Bob Lutz

Former Friends coach Monty Lewis will miss coaching his son’s senior season

The Wichita Eagle

When Friends fired Monty Lewis as its football coach last month, after 14 mostly-successful seasons, the administration explained its decision through its director of marketing and communication.

“We are undertaking a new revitalization and growth plan here at Friends and football is a really significant part of that program and are going to be leaders of that plan,” Gisele McMinimy said.

Nobody wants to give the real story these days. Friends, it appears, thought it was more important to string along some enticing verbs and nouns than to simply say the Falcons’ relatively new administrators, president Amy Bragg Carey and athletic director Carole Obermeyer, thought Lewis was past his prime.

“Reading that reasoning was frustrating for me,” said Lewis, who finally agreed to talk about his ouster this week after laying low since his firing. “I certainly feel like I could have or would have fit into any new type of approach or revitalization. That stings because I feel like I could have taken a part in that.

“But in the same breath, I understand. You want to go a different direction? That’s the prerogative of the administration.”

What bothers Lewis most is that his son, three-time All-KCAC linebacker Josh Lewis, is stuck in the middle. He’ll be a senior for the Falcons in the fall, but he won’t be playing for his father. Former Hutchinson Community College defensive coordinator Dion Meneley, is Friends’ new coach.

Also, Monty Lewis’ wife, Nancy, works in IT at Friends.

It hasn’t exactly been Old Home Week since Lewis was let go.

“It’s tough with all of those players,” Monty Lewis said. “But my son, going into his senior year, that’s been the hardest part of this for my family. Quite a number of people at that institution feel pretty strongly about Josh and what hurts the most is that he’s in this situation. It’s not as though he’s naive, he understands the coaching profession and what can occur. We felt like we’d at least make it through his senior year.”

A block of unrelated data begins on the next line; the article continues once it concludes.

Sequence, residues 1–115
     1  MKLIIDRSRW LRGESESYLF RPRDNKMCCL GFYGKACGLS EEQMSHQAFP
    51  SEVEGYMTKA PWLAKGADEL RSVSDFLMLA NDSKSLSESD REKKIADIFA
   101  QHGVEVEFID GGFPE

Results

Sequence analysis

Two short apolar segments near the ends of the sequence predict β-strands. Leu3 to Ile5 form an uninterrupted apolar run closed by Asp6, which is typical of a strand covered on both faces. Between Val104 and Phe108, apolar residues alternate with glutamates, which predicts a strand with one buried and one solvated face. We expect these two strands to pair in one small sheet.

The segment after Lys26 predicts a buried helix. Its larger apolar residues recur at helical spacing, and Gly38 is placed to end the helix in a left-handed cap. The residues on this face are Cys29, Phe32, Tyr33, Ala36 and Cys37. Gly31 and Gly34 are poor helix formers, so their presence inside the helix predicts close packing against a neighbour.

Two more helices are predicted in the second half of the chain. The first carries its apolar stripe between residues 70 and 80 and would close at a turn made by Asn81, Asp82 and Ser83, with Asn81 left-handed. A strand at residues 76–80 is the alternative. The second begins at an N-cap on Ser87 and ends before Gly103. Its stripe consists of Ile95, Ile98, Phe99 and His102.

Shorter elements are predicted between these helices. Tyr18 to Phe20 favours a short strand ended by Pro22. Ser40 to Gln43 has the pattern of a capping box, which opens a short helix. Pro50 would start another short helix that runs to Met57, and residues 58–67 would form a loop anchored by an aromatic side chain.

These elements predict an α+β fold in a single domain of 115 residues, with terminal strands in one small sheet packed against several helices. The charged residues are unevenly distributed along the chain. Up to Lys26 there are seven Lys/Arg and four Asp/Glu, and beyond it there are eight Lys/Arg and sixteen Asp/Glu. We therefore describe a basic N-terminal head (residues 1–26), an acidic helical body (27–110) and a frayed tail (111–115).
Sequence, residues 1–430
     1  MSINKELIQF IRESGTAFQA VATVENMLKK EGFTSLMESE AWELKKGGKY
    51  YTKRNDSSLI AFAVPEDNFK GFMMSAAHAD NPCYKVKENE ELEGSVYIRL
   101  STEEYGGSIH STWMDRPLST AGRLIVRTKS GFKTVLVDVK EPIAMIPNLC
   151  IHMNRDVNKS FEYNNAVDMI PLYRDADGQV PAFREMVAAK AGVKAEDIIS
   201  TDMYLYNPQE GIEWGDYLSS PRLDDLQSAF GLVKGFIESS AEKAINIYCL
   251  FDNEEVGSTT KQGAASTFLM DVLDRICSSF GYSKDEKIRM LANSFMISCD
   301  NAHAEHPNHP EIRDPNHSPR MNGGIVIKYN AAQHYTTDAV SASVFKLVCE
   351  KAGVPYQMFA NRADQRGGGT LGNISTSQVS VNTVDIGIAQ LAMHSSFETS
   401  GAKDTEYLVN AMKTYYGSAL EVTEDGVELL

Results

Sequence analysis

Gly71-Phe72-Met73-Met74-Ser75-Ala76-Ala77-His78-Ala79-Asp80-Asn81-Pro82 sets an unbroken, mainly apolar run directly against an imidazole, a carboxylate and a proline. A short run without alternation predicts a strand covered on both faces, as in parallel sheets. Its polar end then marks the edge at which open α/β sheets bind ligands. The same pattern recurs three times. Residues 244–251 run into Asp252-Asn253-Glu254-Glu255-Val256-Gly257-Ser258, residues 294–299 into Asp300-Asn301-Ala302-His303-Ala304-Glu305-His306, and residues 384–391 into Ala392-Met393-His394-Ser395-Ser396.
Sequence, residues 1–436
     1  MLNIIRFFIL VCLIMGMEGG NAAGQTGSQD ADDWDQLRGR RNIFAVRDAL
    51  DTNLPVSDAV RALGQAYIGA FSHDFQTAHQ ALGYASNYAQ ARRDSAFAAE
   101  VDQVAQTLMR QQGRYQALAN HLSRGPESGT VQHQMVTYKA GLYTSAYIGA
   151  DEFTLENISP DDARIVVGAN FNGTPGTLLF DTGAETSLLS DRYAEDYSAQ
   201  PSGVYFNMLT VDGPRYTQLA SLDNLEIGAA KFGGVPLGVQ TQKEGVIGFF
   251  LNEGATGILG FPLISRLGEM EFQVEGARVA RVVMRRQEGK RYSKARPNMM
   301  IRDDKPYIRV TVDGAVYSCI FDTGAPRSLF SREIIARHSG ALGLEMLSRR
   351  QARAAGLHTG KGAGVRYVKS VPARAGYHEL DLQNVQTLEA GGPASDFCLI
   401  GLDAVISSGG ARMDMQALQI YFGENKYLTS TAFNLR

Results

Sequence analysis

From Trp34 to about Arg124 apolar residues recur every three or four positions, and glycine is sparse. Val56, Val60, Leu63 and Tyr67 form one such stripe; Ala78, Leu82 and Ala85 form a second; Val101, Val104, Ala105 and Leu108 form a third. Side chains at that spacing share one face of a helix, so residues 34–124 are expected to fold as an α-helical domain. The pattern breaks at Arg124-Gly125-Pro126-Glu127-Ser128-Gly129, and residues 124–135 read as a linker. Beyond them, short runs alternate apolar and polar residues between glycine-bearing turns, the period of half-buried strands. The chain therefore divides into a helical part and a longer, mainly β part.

Lewis, 54, led Friends to a 93-52 record but the Falcons were only 3-8 two seasons ago before rebounding to 6-5 in 2016. He is the winningest football coach in Friends history and in the history of Southwestern College in Winfield, where he coached before moving to Friends.

Lewis said he knew his fate could be sealed when his long-time assistant, Matt Welch, was let go in December.

“Joined at the hip,” is how Lewis referred to his relationship, personal and professional, with Welch. “That decision was made by the president and AD, as well, and it immediately caused my radar to go up.”

But as weeks passed, Lewis hoped he could hang on. He said he was determined to get Friends back to where it was from 2006-08, when the Falcons won the KCAC championship and advanced to the NAIA playoffs each season.

Lewis said he has talked to Meneley and hopes he succeeds.

“I don’t want that team to turn around and go 0-11, that wouldn’t make me feel good,” Lewis said. “It would make me sick to my stomach. I want to be there to help if (Meneley) needs me but I certainly don’t want to overstep. I recruited every one of those players and I want to see them do well. The cupboard isn’t bare, there’s a lot of talent on that team.”

Lewis plans to continue coaching. Somewhere. But he’s not going to jump at the first opportunity unless it’s the right opportunity. He doesn’t feel a need to rush and April isn’t exactly a time when schools are looking for coaches.

“I’ve had some buddies call me and I’m getting wind of a few possibilities that might be out there,” Lewis said. “I’ve heard from friends who are hearing about changes that might be made here or there. But as for what’s out there right now, there’s nothing that really interests me and that’s no offense to those that might be looking for a coach somewhere. I just don’t want to be taking a band-aid job.”

Lewis said he went to Friends’ spring scrimmage last week and, unless something changes, hopes to be at every Falcons game next season.

“It doesn’t matter what any of us are going through, I have always loved watching Josh play football,” Lewis said. “He got a pick-six in the scrimmage and was making plays and yet there’s that dark cloud that kind of hangs over you when you’re done.”

As of now, Lewis said Josh plans to play his senior season at Friends.

“He has some options and they’re kind of playing out in front of him,” Monty Lewis said. “Deep down, I think he’d really like to finish with the guys he came in with. It goes without saying, though, that his dad getting fired as affected the way he feels about things.”

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